Friday, May 9, 2709, continued
When Deirdre cradled the coffee-cup in her hands, Justín could plainly see the scar in the center of her left hand, now that he knew to look for it. It didn't surprise him that he missed it before; he tried to miss as much as possible, after all.
"Does the coffee help?" he asked
"A little," she said shyly. "It's not greenfire, of course, but...but that's a good thing, isn't it?"
"If that's what you want."
She nodded, one quick jerk of her bone-thin jaw, then she gazed out the window at the sea. "I thought that when I got back home I'd stop being so 'high maintenance' as they used to say in the Charadoc." She laughs briefly then scowls out the window again. "And yet here I am, being high-maintenance to you."
Justín quirked a smile. "You're complicated," he said. "That's okay--it's part of your charm."
She looked at him, wide-eyed. "I have charm?"
"Oh, abundantly! I still want to marry you, you know."
She laughed. "As if either of us could." And he laughed back, nodding.
"Shall we continue?"
"After a brief bathroom-break." She shrugged, embarrassed. "You know--coffee."
He waited for her, staring at her empty chair, the imprint of her bony hips in the seat, the long strand of premature silver left behind on the headrest. He inhaled deeply his tobacco and wondered what kind of life he might have led, had he found the courage to try out for agency himself, rather than living vicariously through agents.
The thought made him fidget, snubbing out his cigarette just to give his fingers something to do. He considered freshening his sedation, but decided against it. For now, inasmuch as he could stand, he wanted to feel.
Soon Deirdre returned and settled back into her seat, clasping the magentine rod, listening to chimes turning into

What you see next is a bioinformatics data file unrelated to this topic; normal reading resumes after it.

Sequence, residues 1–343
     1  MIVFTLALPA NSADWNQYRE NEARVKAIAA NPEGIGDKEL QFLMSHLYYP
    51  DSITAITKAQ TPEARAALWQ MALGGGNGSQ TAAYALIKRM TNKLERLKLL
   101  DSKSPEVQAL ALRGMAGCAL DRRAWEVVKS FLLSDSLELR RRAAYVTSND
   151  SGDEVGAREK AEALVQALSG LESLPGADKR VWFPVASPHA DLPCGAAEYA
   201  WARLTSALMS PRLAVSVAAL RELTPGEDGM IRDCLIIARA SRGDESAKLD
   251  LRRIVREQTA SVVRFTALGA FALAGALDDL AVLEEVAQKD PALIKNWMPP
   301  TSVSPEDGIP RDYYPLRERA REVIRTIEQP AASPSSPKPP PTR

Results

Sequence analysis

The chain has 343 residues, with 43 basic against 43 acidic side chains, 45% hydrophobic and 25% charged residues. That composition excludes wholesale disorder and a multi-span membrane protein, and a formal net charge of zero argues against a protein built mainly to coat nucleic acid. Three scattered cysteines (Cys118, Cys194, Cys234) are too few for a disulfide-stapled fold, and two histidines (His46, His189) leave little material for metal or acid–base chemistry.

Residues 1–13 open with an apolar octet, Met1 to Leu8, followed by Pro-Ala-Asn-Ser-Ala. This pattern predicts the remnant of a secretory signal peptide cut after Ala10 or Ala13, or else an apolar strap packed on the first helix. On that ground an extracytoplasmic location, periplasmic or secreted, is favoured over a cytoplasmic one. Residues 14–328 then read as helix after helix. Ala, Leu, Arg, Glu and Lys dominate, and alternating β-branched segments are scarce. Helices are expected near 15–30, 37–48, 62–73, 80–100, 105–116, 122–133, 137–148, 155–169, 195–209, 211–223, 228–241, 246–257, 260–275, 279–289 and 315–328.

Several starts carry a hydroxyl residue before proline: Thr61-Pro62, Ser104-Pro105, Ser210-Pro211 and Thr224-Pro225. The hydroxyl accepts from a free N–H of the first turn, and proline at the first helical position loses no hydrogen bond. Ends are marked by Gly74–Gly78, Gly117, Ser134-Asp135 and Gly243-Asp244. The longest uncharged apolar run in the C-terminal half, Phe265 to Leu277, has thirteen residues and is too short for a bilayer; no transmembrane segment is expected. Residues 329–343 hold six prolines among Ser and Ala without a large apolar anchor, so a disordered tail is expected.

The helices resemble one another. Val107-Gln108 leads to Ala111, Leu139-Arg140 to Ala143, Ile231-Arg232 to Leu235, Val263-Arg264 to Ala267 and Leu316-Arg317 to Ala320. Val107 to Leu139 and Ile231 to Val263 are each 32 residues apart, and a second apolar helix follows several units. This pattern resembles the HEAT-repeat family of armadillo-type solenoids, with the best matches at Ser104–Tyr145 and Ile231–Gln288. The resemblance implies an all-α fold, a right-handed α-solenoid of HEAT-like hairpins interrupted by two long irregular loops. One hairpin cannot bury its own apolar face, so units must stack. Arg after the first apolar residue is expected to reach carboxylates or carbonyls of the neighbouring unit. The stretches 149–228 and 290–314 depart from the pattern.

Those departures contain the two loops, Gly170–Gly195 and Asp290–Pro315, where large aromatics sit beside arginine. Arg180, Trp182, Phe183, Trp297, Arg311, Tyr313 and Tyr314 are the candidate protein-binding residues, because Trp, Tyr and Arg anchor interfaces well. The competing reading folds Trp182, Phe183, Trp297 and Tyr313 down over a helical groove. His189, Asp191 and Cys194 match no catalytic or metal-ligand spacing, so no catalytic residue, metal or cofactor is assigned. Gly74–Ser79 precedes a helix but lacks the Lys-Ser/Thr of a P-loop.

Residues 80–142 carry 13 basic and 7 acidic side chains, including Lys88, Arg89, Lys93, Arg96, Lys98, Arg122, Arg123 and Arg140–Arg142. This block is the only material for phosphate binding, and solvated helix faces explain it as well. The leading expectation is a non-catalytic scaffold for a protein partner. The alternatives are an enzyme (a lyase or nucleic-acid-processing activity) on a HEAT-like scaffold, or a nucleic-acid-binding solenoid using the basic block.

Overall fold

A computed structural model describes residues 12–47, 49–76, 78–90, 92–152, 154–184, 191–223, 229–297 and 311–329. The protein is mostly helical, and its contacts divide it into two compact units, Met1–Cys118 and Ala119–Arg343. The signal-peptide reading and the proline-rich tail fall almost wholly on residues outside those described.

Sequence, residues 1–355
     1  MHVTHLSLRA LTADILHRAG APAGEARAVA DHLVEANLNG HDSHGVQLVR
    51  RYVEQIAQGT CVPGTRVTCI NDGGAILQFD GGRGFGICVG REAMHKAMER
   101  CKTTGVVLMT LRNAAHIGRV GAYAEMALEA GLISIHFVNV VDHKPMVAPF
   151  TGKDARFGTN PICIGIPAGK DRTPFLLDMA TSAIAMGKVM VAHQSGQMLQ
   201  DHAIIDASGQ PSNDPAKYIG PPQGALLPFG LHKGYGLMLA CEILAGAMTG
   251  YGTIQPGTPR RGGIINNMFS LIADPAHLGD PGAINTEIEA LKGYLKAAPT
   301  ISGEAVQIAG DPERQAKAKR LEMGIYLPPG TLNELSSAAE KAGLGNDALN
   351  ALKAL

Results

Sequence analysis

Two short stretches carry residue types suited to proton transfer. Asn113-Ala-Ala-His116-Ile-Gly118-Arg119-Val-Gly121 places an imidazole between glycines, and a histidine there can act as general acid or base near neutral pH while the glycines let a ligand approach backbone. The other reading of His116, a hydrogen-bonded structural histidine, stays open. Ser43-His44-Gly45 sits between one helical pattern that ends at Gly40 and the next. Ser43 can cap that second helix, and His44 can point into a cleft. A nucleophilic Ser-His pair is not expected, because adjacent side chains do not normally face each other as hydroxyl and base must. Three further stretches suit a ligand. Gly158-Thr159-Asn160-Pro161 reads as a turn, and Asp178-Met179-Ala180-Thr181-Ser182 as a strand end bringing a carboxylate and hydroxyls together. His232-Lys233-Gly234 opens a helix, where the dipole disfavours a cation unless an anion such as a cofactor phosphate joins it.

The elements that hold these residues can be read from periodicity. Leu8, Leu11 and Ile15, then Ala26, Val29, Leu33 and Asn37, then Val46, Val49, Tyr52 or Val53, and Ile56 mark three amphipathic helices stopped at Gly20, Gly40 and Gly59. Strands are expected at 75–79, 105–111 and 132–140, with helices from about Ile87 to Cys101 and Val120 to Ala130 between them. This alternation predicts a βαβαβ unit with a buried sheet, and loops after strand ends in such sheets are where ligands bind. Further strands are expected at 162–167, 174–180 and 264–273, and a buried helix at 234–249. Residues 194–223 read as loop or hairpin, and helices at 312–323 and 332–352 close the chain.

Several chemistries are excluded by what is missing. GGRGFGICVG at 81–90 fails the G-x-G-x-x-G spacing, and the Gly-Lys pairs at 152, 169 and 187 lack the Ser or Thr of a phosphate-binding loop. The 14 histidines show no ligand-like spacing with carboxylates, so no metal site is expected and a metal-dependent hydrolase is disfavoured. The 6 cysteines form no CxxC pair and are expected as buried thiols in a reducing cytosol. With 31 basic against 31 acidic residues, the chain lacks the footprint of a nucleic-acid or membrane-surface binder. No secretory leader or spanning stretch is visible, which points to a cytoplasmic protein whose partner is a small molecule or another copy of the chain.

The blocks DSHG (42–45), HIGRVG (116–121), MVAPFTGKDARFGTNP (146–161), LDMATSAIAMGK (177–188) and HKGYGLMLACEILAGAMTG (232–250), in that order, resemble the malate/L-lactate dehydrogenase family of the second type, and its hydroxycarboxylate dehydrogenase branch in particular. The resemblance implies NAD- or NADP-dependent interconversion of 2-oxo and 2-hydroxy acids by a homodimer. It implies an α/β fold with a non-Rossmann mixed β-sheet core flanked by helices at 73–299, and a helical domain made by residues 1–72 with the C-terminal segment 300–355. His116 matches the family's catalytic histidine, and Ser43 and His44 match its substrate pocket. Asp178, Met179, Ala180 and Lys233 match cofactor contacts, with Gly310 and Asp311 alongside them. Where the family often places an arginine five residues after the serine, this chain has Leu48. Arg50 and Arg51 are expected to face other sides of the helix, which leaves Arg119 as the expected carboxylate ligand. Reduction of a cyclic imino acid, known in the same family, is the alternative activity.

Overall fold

the chirping of crickets, ooh, so many crickets! But they don't
sound like the diverse night-time insect life of the Charadoc at all…
Deirdre opened her eyes again. "What's happening?" she asked.
"You've passed out in the Charadoc," Justín murmured, opening his own eyes slightly, "and so you've drifted off into your Fireheart-sister's mental territory...again. Never mind--just flow with it and you'll wind up back in your own body soon enough."
Deirdre nodded uneasily, closed her eyes again and surrendered to
such a lovely night, even more stars than crickets, but what else can one expect, my dear Tshura, when so few smelly cars and none of the factories have run for so long? I mean the collapse of civilization is such a bother in so many ways, but like anything else, it does have its perks, as I'm sure you'll agree, like the freshness of the evening air and the quiet (except for the crickets, of course) so many miles of silence all around, diaphanously clothed in the soft sighs of the wind in trees, and come to think of it, aren't those chirps little sparkles of sound like diamonds adorning the silence? What do you think, Tshura?
And thank you, by the way, for letting me feel your presence again. Oh, I know you're always there, but sometimes, well, you know, a societal collapse can make any girl a bit blue now and then. It's good to know that I'm not alone. Oh, I know, we've got the boys, but...you know, boys. Sometimes I almost feel like I'm talking with one of my friendclan sisters when I'm with you, Tshura, as if I've known you for years. Well, we've been through so much together you've got to expect that sort of heightened relationship, really. But not like Cybil, I don't mean that way! Not that you'd have anything to worry about, under the circumstances, and oh dear, I really do have to get my mind back on the business at hand!)
"But this isn't the business at hand!" Deirdre cried. She let go of the magentine like electricity arced from it. "It's, it's more than slipping into the wrong person's memories--it's something else, ssomething all messed up." She sat there trembling, her hand still near the rod but her fingers pulling back. "It's time. Something's wrong with the time."